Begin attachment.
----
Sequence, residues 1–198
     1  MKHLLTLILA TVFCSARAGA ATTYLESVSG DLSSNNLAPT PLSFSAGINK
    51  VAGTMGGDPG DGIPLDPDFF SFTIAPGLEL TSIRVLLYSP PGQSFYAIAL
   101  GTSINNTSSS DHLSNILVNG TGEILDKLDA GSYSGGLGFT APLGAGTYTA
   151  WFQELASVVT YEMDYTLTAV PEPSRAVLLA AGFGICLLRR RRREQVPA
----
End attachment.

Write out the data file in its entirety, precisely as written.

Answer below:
Sequence, residues 1–198
     1  MKHLLTLILA TVFCSARAGA ATTYLESVSG DLSSNNLAPT PLSFSAGINK
    51  VAGTMGGDPG DGIPLDPDFF SFTIAPGLEL TSIRVLLYSP PGQSFYAIAL
   101  GTSINNTSSS DHLSNILVNG TGEILDKLDA GSYSGGLGFT APLGAGTYTA
   151  WFQELASVVT YEMDYTLTAV PEPSRAVLLA AGFGICLLRR RRREQVPA